See How to Do It - Eritrean Injera

Eritrean Injera

Sorry about this not very flattering picture! But this is the whole teff grass (in a plastic bag!) that grows in Eritrea and Ethiopia.

These are the grains...

that get ground into the teff flour...

You mix teff flour with water and sour teff starter to make the batter.
Check out these videos of Asmeret's magical pouring and cooking methods.
(sorry, the download is taking forever. I'll upload later!)

She pours the batter in spiral from the outside in until so the entire pan is filled in,
and then covers it.

Asmeret's body clock tells her when to lift the lid off the injera. I counted 1 minute 15 seconds.

Then she slid a woven mat underneath the cooked ingera to transport it from pan to plate. Cool.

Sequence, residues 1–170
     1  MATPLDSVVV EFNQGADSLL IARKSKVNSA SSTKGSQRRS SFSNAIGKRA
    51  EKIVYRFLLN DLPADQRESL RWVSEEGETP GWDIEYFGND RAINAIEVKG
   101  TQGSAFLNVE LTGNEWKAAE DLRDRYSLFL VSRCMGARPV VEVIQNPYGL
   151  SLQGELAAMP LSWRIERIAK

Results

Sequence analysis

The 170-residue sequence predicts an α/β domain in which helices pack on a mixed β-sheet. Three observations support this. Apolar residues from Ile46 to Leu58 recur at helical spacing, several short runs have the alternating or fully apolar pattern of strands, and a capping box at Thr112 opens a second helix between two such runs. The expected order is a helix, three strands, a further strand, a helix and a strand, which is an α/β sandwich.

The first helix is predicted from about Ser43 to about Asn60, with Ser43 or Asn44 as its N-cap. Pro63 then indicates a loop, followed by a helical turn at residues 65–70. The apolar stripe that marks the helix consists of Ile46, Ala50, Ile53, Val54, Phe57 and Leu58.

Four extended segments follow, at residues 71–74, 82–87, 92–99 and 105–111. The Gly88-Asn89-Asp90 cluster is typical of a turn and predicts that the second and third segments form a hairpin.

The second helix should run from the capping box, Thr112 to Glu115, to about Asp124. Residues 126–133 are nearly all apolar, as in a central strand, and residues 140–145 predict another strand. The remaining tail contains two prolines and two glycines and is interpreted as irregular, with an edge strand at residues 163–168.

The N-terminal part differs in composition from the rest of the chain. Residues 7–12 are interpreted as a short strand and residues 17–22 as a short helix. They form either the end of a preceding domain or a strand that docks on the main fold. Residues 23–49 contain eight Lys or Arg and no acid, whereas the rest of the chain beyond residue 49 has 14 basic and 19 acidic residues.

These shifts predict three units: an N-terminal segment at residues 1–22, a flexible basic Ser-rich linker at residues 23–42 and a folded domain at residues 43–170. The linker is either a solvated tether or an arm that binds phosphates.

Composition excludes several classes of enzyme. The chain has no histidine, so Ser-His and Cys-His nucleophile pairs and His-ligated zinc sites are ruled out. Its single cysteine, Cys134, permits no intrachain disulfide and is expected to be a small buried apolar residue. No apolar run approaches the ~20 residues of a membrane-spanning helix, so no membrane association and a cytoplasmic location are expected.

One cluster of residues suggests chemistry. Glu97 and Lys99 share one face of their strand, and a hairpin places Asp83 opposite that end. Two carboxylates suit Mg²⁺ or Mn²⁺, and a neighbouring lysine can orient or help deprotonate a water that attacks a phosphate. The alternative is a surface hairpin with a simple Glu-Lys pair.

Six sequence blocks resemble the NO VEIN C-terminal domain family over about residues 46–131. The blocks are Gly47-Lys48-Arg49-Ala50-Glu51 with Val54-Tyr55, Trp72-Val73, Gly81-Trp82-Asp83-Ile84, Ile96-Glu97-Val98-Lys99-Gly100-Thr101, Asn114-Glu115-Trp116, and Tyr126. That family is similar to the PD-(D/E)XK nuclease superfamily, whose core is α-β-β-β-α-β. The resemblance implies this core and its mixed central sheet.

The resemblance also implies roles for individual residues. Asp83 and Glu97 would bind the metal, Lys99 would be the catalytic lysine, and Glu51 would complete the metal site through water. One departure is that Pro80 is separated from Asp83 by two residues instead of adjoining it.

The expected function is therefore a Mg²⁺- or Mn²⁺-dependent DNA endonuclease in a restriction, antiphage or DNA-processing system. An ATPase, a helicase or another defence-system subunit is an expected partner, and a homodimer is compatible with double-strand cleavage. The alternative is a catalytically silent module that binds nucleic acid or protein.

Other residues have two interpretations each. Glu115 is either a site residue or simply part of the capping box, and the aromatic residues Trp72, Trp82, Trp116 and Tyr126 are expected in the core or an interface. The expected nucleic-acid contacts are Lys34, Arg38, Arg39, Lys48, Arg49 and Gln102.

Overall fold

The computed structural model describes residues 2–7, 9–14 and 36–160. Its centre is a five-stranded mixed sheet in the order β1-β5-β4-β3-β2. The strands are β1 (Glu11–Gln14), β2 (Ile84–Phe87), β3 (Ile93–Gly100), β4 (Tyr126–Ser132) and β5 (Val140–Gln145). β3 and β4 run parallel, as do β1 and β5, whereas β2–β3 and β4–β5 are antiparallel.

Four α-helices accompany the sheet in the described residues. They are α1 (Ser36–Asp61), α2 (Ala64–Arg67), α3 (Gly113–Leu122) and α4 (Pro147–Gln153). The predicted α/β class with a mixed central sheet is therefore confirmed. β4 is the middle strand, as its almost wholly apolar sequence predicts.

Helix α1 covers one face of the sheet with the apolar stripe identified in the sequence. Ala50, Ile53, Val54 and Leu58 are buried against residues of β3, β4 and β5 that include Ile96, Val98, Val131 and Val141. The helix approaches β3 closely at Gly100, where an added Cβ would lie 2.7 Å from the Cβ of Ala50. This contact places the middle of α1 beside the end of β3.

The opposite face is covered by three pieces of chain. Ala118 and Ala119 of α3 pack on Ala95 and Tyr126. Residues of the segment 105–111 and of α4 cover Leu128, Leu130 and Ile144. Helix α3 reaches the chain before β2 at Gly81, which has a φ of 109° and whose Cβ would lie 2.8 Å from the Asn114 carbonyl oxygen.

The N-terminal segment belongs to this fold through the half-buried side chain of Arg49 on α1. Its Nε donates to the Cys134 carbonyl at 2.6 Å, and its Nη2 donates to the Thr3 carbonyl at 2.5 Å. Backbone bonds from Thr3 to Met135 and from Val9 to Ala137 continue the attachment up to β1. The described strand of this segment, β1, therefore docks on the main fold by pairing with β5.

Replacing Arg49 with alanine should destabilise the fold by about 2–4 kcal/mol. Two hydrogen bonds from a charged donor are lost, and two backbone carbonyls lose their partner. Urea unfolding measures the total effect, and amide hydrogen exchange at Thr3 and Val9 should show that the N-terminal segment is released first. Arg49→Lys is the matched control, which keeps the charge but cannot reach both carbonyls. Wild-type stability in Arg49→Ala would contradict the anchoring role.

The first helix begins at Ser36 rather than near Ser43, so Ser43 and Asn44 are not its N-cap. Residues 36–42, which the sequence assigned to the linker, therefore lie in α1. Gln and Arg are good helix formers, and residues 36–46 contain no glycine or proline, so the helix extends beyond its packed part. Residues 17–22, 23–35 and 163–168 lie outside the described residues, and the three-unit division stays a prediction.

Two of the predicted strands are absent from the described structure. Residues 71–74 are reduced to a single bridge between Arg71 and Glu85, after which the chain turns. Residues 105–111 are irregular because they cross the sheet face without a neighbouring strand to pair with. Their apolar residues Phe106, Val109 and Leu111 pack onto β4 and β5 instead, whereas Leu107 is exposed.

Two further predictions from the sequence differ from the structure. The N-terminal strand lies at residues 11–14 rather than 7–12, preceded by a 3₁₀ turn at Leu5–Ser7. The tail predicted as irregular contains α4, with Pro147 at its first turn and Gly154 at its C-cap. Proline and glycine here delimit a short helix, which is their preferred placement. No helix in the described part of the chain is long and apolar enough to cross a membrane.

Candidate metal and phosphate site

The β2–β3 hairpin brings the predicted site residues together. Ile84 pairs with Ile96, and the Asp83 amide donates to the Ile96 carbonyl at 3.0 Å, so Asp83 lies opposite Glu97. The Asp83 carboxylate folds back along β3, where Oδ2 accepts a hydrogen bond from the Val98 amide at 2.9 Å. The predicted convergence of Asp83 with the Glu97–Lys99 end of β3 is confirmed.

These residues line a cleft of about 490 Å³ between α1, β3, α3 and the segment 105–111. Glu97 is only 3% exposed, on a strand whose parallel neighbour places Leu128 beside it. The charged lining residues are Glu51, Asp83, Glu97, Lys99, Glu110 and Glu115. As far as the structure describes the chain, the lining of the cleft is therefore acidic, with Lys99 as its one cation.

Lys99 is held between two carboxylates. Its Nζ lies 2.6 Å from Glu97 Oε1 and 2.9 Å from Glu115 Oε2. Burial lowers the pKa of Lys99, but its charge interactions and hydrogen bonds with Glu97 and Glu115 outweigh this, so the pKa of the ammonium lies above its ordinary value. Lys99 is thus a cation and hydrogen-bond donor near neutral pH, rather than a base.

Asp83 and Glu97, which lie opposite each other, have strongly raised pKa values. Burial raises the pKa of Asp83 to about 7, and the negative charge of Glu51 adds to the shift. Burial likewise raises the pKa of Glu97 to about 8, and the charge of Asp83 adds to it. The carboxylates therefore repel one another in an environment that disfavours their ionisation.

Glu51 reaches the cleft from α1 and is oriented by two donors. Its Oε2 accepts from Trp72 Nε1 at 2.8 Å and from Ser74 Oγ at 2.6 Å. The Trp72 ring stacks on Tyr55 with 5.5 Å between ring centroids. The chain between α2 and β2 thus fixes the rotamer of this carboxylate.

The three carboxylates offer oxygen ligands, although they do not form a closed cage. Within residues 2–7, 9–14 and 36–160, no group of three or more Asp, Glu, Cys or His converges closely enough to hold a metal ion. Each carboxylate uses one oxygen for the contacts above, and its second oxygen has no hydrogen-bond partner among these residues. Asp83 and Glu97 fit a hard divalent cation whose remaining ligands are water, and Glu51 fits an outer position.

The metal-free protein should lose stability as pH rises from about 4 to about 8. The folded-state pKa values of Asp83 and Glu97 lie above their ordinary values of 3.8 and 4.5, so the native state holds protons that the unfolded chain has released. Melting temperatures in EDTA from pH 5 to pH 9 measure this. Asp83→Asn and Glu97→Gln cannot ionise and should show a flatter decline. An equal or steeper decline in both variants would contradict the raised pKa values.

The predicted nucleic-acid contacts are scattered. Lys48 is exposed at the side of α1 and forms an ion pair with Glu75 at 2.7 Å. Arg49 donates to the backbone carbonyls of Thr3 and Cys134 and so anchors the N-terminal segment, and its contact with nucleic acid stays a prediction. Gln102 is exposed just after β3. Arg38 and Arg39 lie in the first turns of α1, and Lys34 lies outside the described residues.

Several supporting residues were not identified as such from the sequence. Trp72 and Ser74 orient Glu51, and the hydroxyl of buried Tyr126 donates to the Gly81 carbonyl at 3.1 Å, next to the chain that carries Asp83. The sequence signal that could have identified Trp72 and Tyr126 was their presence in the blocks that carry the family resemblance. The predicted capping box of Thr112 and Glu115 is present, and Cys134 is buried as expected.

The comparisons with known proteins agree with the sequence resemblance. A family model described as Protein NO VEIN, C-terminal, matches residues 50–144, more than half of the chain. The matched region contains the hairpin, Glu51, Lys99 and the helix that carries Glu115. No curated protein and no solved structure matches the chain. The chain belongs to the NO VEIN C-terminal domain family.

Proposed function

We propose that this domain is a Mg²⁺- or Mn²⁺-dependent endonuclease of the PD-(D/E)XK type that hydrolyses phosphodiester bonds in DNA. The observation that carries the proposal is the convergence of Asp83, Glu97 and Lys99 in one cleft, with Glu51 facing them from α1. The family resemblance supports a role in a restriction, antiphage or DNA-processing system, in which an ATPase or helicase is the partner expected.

You can stack injera, keeping them in a plastic, then reheat on a pan or in a microwave when it's time to eat.

Okay, now for the delicious spicy chicken. Start with onions.

She added a little water just to keep them from burning.

She's adding ghee, butter that she's already simmered with turmeric (for color) and fenugreek (for aroma).

Next is the secret spice to this dish: berbere. It's a combination of a lot of little amounts of spices like allspice, ginger, and black pepper, but it's mostly toasted and ground dried super hot chilis, salt and fenugreek.

Here she goes, adding the magic...

While the berbere spices are cooking, she peels the skins of the drumsticks,
and blends tomatoes.

Isn't this sauce darker than you'd expect? She's just added tomato sauce and blended tomatoes, and is letting it cook..

Final step: add chicken and cook covered until done.

Serve injera on a plate with chicken swamped in sauce piled on top. No need for a fork. Use pieces of injera as scoops. She serves this with basic fresh salad.

"Not fast food, our food," said Asmeret Teklu, laughing a little.